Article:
NASA simulator helps shed light on mysteries of the solar system

(ORDO NEWS) — Even in our cosmic backyard, the solar system, many questions remain open. There are volcano-like formations on Venus, but it is not known if they are active. The surface of Mars is evidence that there was once a huge ocean, but how it disappeared remains unclear.

On the other hand, recent discoveries of chemical compounds that may indicate the presence of biological activity on Mars and Venus, so-called biosignatures, haunt the search for life beyond Earth.

The answers can be found in the analysis of the light that reaches us from these planets, through the “fingerprints” that molecules leave in the spectrum of this light.

In a study published in the journal Atmosphere, scientists from the Instituto de Astrofísica e Ciências do Espaço (Department of Sciences, University of Lisbon, Portugal) compared simulations obtained with the Planetary Spectrum Generator (PSG), a planetary spectrum simulator, with observations of infrared light from the planets Venus. Mars and Jupiter.

Using the PSG developed by NASA, the team was able to explain the results of some of the observations and conclude that this simulator is an effective tool for studying the abundance of chemical compounds present in small amounts in planetary atmospheres.

One of the analyzed chemical compounds, methane, can arise both as a result of biological activity and geological processes. That is why its elusive presence on Mars, with detection by the Mars Express spacecraft and no detection by the ExoMars TGO spacecraft, remains a mystery.

“By changing the parameters of our simulations, we were able to explain these methane detections and non-detections on Mars and understand the conditions and locations in which they can occur.

This is an important step towards clarifying the connection of methane on Mars with the possible existence of life,” explains Pedro Machado (IA & Ciências ULisboa, co-author of this study.

Another unknown on the red planet, also of great interest to the scientific field of the search for life outside the Earth, astrobiology, is the fate of much of its water. Evidence suggests that it once flowed on the planet in abundance, and that much of the northern hemisphere was once a vast ocean. Today Mars is an icy desert.

“Knowing the relationship between the two variants of hydrogen, deuterium isotope and simple hydrogen, helps us understand the temporal evolution of water on Mars.

Deuterium is a heavy hydrogen atom, its nucleus contains one more neutron, so water, H2O, consisting of a deuterium atom and a hydrogen atom, HDO, is heavier and will escape into space with greater difficulty.

Comparing this ratio at a global and local level on Mars, made possible by this study, gives us valuable information about the fate of Martian water, “explains João Dias (IA & Ciências ULisboa), Lead author of the study.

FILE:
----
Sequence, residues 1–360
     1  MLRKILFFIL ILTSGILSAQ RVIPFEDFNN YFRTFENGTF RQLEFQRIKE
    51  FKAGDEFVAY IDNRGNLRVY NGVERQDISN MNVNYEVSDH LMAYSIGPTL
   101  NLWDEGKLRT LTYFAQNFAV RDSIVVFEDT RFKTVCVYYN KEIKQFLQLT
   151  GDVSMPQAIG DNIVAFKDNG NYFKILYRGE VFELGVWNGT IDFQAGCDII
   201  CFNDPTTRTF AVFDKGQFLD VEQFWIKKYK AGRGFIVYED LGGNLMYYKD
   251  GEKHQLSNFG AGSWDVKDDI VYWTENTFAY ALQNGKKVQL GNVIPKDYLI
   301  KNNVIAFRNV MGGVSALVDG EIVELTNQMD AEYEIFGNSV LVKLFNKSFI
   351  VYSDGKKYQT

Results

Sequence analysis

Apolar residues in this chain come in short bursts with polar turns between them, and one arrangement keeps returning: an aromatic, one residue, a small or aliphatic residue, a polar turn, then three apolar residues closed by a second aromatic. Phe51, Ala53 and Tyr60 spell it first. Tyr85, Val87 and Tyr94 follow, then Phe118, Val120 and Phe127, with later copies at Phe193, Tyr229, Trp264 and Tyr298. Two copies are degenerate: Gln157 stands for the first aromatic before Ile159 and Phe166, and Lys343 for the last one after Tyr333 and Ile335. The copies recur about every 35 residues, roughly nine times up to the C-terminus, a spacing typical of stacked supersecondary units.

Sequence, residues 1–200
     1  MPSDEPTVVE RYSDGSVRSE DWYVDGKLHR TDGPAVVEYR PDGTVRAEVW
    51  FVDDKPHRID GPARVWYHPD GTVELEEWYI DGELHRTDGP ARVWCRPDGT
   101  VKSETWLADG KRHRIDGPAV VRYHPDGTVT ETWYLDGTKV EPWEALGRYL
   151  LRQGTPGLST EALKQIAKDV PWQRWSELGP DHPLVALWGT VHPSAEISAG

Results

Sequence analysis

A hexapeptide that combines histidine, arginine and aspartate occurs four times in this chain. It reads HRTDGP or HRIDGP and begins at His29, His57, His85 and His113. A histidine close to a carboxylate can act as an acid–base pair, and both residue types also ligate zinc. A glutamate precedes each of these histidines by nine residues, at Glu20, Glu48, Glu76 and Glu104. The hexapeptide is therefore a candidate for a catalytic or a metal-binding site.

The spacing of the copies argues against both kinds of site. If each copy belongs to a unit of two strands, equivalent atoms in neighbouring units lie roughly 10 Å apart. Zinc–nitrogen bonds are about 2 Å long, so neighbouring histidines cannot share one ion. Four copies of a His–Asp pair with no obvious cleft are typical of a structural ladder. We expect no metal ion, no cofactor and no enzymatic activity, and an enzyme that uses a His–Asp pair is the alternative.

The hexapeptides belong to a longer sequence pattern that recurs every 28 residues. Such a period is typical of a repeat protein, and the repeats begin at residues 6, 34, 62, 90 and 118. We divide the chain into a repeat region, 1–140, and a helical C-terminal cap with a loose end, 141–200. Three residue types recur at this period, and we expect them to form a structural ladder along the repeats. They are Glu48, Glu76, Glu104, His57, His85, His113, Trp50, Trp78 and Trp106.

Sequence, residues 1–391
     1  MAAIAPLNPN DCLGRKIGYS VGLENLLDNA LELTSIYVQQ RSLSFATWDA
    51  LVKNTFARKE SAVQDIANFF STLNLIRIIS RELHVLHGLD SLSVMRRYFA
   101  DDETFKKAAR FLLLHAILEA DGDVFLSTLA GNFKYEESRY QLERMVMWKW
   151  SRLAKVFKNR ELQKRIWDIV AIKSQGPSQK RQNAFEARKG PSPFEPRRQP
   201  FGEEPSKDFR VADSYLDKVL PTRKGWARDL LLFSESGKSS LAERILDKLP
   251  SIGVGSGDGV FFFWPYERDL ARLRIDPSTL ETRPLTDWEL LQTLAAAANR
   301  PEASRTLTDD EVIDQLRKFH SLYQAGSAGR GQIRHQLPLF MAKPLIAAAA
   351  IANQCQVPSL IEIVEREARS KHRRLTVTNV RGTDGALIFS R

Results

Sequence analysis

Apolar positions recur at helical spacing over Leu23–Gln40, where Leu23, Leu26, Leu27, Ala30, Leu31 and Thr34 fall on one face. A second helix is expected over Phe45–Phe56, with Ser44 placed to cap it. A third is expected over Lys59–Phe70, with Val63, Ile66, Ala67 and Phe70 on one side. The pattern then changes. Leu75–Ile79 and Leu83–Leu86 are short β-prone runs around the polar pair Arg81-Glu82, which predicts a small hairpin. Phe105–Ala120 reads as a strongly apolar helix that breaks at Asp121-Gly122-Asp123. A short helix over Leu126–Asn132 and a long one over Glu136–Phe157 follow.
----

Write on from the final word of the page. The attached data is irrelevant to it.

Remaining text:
Also in this study, it was noted that phosphine can spontaneously form under conditions of high pressure and temperature in the presence of phosphorus and hydrogen – two chemical elements that make up its composition.

“This is exactly what happens on Jupiter, where phosphine is one of those responsible for the multi-colored bands in the atmosphere of this gas giant,” explains Pedro Machado, “but on a rocky planet like Earth, where such extreme conditions do not exist, its presence is associated with biological activity.”

So when a 2020 study identified phosphine in the clouds of Venus, the scientific community turned its attention to the planet.

“Further studies in other conditions have shown that phosphine may be absent altogether or present in much lower amounts than originally found, which we have also been able to reproduce,” adds Pedro Machado.

Back on Venus, “sulfur dioxide is very important for us to know if there is volcanic activity there. By accurately determining the content of this compound at different altitudes, which we have shown is possible using PSG, we can infer its origin,” – adds Juan Dias.

“This work is of great importance for space missions under development such as the EnVision, Ariel and Mars Express of the European Space Agency (ESA) in which IA is involved, as it allows to determine the expected values ​​for these chemical components and optimize the instruments developed for these missions, for detection in the range of expected values,” says Pedro Machado, who is one of the researchers on these missions.

“In particular, missions such as Ariel, which will study the atmospheres of planets orbiting stars other than the Sun, exoplanets, benefit greatly from this kind of solar system exploration, which can serve as a model for what we hope to be able to observe beyond solar system,” adds João Dias.

“This demonstration of the effectiveness of PSG is very important to the scientific community, and AI is at the forefront of this research, including specialists in the planetary systems team who study the atmospheres of planets in the solar system.”

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